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LIVELYGIRL2 Posts: 4,800
7/24/16 12:23 A

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We went to the mountains. Our friend roasted an entire pig to share with all sorts of food. I did better than last year. I had a plate and a half of food and ice cream. It was almost 100 degrees today. Last year I stuffed myself.

Tomorrow, I'm going for lunch. I'll have some good foods, but usually only eat one or two meals, depending on what happened.

THELOSER82 Posts: 444
7/22/16 3:21 P

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I wish I had read this yesterday. I went on an all-out binge. But it will help today as I get back on track! thank you for posting this! Blessings.

LIVELYGIRL2 Posts: 4,800
7/22/16 12:54 A

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That is insightful.

I noticed lately, when I go to a particular group, they serve so many carbs. So, if I ate several servings all this... I ended up with itching, and attracting a low grade infection. .

JILLINENOLA SparkPoints: (30,668)
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Posts: 930
7/20/16 7:19 P

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This is something that I really need to connect with. I eat to fast just to get done with eating. I also know that I eat to fast because I don't eat enough food because I am to busy and when I remember to eat I'm usually starved.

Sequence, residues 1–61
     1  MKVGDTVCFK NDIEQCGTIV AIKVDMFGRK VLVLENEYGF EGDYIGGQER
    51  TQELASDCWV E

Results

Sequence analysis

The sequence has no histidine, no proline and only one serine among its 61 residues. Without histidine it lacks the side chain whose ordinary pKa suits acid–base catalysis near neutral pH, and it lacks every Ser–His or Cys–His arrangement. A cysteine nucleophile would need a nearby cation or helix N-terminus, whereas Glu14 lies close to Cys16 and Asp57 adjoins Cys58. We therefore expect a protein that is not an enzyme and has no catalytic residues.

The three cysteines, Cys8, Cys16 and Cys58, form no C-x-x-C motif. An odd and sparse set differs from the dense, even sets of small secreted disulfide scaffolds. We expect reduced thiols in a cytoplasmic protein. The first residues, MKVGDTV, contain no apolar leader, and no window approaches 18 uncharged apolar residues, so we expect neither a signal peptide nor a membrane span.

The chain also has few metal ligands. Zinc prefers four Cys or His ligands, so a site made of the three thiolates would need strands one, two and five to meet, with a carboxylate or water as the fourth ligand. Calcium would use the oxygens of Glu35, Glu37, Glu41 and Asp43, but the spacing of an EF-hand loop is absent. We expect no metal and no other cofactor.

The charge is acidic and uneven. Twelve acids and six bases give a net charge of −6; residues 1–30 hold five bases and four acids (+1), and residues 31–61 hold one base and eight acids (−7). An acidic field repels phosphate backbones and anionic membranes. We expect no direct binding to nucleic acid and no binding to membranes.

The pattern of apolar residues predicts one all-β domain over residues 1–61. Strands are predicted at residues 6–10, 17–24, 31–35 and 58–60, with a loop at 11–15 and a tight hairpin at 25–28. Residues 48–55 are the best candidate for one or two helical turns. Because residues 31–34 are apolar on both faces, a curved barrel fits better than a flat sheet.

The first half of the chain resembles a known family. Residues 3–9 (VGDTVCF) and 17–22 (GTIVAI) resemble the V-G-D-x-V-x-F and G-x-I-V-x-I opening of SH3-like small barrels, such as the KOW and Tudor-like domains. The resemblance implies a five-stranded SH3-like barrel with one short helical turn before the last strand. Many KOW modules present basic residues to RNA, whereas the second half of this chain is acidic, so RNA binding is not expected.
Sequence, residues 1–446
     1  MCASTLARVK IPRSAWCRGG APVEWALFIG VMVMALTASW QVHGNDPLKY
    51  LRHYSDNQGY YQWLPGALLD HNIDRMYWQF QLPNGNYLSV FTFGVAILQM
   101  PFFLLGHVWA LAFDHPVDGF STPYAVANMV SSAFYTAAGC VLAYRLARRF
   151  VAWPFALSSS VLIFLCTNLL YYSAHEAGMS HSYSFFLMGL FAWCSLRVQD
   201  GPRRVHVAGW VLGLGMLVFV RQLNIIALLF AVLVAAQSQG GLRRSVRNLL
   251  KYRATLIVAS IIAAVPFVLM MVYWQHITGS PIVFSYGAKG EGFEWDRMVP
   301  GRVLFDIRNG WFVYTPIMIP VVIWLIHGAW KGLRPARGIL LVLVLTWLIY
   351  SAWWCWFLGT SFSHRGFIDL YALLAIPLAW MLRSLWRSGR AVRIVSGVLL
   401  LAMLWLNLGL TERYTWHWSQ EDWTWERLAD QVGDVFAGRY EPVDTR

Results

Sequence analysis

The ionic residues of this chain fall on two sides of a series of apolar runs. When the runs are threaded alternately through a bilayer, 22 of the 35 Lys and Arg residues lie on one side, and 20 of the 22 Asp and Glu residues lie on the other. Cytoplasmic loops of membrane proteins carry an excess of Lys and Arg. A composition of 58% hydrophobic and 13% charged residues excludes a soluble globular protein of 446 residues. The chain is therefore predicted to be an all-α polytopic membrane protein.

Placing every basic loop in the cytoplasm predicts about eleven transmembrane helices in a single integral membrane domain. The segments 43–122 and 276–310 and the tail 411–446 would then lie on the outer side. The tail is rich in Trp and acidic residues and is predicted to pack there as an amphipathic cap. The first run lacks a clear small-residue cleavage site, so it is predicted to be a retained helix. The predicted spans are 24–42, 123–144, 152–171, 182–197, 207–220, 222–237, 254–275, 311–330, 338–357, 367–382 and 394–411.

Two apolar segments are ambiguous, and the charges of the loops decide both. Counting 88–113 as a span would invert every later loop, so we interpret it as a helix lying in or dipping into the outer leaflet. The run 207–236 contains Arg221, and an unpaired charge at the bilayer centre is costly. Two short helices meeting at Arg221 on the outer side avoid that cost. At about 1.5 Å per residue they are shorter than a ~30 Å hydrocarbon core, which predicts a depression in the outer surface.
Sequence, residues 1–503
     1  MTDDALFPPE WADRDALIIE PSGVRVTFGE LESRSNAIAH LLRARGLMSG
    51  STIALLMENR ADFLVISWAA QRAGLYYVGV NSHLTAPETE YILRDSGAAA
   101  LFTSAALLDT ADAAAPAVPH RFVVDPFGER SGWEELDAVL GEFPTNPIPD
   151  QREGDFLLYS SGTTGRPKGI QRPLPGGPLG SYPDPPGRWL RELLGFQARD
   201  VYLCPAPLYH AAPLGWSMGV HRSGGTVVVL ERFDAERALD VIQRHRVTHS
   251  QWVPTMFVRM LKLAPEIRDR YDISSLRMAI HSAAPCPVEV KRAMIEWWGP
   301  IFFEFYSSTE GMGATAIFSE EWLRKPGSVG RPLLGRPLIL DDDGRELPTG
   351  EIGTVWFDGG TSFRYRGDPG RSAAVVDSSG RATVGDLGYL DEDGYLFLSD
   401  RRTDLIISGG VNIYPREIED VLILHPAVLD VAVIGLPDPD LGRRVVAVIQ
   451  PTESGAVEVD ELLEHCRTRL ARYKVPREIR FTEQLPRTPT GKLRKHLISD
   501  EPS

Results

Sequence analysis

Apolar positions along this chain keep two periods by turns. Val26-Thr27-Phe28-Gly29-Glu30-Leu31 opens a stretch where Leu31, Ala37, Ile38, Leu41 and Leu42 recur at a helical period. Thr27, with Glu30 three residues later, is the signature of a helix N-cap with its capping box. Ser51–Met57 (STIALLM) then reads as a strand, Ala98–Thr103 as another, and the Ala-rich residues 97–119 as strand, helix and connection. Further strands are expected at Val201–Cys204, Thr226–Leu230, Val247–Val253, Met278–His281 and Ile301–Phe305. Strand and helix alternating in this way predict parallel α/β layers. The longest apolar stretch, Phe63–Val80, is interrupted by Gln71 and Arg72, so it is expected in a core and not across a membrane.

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CHERRIET's Photo CHERRIET Posts: 6,436
7/20/16 5:24 P

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“When walking, walk; when eating, eat,” goes a Zen proverb. Sounds obvious, right?

But in the typical busy swirl of a day, you might find yourself eating while walking (or while watching TV, working, checking emails, texting or driving). Or perhaps you find yourself powering through an entire bag of chips because, like the proverbial mountain, it’s there.

This is kind of like the flip side of getting so busy that you “forget” to eat. (Fortunately, you can’t forget to breathe!)

Enter “mindful eating.” It may sound a little out-there, but it boils down to paying attention — and it has the power to benefit your health in important ways.

In a recent study, two groups of overweight people followed identical diet and exercise regimens, but one group also practiced mindfulness meditation, learning to develop awareness of their sensations, thoughts, and emotions during meals.
The mindful group saw improvements in their weight and also in their blood sugar and cholesterol levels.
The other group? Not so much.

Throughout the day, and especially while you’re eating, take a minute, slow down, and tune in to your body and mind. Before you eat, ask yourself, “Am I hungry?” During a meal or snack, ask yourself, “Have I had enough?” Try to tune in to how it feels to be half full or nearly full. Asking yourself simple questions like these, and responding accordingly, can help to untangle unhelpful patterns and build better ones.
With each bite, pay attention to the texture, scent and flavor of your food. Enjoy a newfound appreciation for both your meal and the satisfaction that comes with mindful eating.

original source: Cleveland Clinic Wellness, 1950 Richmond Road, Lyndhurst, Ohio 44124

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